Tope Creek L.O.

Oregon Lookouts


Wallowa County; Private property


Maintained; Currently standing

Estimated drive time from Portland, OR.

6 hours

Date visited.

September 16, 2022



National Historic Lookout Register.

US 222; OR 28

Trip Report.

The Friday lookout tour hosted by the FFLA Western Conference was to Tope Creek. This lookout is located on private property and requires prior permission by the land owner to visit. We were expected to meet back at the VFW Post after our lunch break at 1:30PM to start the caravan to the property. Garnet and I had headed back to our camp at the Wallowa Lake State Park during the break to swap our vehicle. We had made the decision to drive my Civic to the conference in the morning with the intention of carpooling with someone. But, after a lack of hands raised for those with available seats to carpool, it seemed easier to drive ourselves. Garnet was borrowing his mom’s HR-V for the week which has better clearance. This decision ultimately put us behind schedule and we didn’t get back to the post until 1:45PM. There were still some vehicles parked here, so we got out to check if they had already left. I asked someone in the building and they confirmed what we had thought. We were both stressed since this wasn’t a good start and we didn’t want to miss out on the opportunity to visit this one. A member had also previously warned that if you’re not willing to drive fast on gravel roads you would be left behind. Luckily, they had printed out directions on how to get there, so we started in that direction with the hope that everyone would still be there.

From Enterprise, we headed west on HWY-82 towards Wallowa and Lostine. We turned right onto Baker Road which is around 4 miles outside of Lostine and can be distinguished by the Wolff Ranch sign. We followed this road until we came to a T-junction with Jim Town Road. There were no road signs here, but you will want to take a left. This brought us to another un-signed T-junction with Whiskey Creek Road. We took a right and stayed on this road until we reached the first house off to the right. The house had a distinguishable bright blue metal roof. We turned right on the road immediately next to it and hoped we were on the right track. We followed this road for a little over 7-1/2 miles until we saw a two-toned blue metal rod marking a road off to the left. We turned and followed this road until we reached a hand-carved W sign. You will want to bear right here to reach the property. The roads getting here were mostly passenger vehicle friendly until we turned onto the road at the blue metal rod. It had some looser sharp rocks on this section of road that gave someone else a flat tire.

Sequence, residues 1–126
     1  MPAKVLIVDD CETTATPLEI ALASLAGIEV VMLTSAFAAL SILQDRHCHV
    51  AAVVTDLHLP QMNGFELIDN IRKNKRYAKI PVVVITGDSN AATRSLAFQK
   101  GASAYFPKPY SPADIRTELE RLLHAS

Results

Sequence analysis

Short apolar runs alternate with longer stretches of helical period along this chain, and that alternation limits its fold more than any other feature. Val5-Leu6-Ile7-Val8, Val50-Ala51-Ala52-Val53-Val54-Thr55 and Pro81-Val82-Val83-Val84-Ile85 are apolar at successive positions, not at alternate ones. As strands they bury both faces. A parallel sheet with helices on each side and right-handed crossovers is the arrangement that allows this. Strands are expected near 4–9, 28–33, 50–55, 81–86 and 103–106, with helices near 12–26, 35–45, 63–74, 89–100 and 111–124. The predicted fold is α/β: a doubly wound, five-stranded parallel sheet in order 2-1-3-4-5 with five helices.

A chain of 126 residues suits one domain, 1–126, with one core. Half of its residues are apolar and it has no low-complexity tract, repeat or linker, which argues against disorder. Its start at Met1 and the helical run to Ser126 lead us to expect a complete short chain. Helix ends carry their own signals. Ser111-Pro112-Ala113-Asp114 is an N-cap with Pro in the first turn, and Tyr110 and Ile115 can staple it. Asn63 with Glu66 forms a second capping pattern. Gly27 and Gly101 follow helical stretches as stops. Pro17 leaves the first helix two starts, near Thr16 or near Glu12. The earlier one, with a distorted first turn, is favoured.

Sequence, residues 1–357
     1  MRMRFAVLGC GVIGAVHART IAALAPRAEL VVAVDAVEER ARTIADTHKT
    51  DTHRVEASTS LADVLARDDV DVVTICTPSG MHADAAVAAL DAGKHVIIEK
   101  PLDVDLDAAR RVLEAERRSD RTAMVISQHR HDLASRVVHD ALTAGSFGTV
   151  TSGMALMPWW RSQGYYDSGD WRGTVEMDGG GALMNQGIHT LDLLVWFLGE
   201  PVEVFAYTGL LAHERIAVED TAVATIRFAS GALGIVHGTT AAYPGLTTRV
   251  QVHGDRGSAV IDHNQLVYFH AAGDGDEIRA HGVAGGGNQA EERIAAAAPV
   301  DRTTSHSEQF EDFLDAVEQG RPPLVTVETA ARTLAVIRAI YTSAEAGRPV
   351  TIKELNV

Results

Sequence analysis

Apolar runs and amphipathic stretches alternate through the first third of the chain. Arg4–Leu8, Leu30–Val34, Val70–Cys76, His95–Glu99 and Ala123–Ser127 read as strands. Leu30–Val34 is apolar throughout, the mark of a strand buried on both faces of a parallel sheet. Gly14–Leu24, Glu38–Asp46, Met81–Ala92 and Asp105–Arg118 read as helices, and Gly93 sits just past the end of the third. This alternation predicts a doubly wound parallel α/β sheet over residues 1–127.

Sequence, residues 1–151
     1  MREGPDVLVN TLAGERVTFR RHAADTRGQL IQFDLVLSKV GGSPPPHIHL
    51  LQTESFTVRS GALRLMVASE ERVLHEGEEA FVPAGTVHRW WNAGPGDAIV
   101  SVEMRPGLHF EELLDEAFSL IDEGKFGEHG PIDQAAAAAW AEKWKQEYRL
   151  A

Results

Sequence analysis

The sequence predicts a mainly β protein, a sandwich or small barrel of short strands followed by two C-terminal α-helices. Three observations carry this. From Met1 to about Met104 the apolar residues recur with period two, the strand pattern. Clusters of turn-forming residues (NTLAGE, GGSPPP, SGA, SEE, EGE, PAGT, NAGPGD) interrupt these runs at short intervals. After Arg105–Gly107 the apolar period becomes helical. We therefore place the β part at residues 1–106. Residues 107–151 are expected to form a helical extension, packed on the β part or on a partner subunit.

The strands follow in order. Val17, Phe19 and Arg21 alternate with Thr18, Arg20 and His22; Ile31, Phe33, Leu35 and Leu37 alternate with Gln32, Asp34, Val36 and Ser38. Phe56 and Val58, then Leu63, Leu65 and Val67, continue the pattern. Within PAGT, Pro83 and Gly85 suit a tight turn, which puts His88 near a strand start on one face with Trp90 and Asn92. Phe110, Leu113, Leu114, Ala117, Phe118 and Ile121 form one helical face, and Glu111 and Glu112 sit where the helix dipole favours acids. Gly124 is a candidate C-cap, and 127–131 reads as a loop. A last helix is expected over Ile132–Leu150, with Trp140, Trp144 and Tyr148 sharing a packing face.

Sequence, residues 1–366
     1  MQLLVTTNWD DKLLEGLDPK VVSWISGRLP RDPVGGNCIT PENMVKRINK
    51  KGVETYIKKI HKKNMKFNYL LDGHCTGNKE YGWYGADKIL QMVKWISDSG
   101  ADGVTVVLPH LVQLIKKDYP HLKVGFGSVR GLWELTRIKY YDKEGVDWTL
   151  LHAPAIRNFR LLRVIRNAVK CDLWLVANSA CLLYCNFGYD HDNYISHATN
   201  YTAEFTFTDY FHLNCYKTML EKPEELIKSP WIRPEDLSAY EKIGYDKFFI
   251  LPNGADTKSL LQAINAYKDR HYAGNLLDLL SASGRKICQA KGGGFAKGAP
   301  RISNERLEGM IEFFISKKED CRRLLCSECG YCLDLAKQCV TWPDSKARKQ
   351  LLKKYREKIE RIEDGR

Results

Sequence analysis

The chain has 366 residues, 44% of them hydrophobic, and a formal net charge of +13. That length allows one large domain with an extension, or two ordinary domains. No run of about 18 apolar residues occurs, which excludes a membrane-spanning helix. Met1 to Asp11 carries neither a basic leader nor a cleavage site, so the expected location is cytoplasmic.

We were the last to arrive, but were relieved to see everyone still there exploring the property. I walked around to take some pictures and we signed up to get in line to climb the tower. The structure was a bit rough around the edges and they only wanted 4 people climbing it at a time. Once it was our turn, Garnet headed for the top. I made it to the third landing before I got a bit squeamish of the height. Forrest had passed me on his way down and he said it only got steeper from there, which didn’t help my confidence. I started up towards the fourth landing, but decided I didn’t need to freak myself out and headed back down. I find the 100′ towers that taper towards the top are the ones I have the most trouble climbing. These are typically the Aermotor or L-6 designs. I walked around the property to take some pictures of the sculptures and talked briefly with a few other members while I waited for Garnet to descend. Brain Wizard, who owns the property, is an eccentric artist and author. He lives on the property year round as a survivalist and was snowed in for 120 days last winter. We talked to him briefly while we were waiting for our turn to climb the tower. He mentioned he used to do terrorist surveillance and intel. Some of his work can be viewed on his website. It seems he is open to visitors with prior permission, but I would be wary of visiting without a group. He made a slight off-handed comment directed at me during our visit.

As everyone was getting ready to leave, we decided to look at possibly visiting another Fire Lookout in the area before dinner. This was a benefit to driving ourselves. The VFW Post was hosting a taco night for the conference, but it wasn’t until 6:30PM. This meant we had a little over two hours to kill. Howard Butte L.O. looked the closest on the map, so we headed in that direction next.

Pictures of Tope Creek cab courtesy of my partner.


Tope Creek was built in 1936 as a 103′ timber tower with L-6 cab by the US Forest Service. The cab is listed as 7’x7′ on some sites, but noted as 8’x8′ on the NHLR. I found similar inconsistencies in the listed height from 100′ to 103′. I am unsure which dimensions are accurate. The 14’x18′ one-room ground house, used for the living quarters, was not added until 1938. Ownership was later transferred to the Oregon Department of Forestry and was staffed into the 1970s. It was eventually classified as surplus and sold to a private owner, Zella Guyness, during a state auction in 1978. The tower is still maintained by the current private owner, Brian Wizard.

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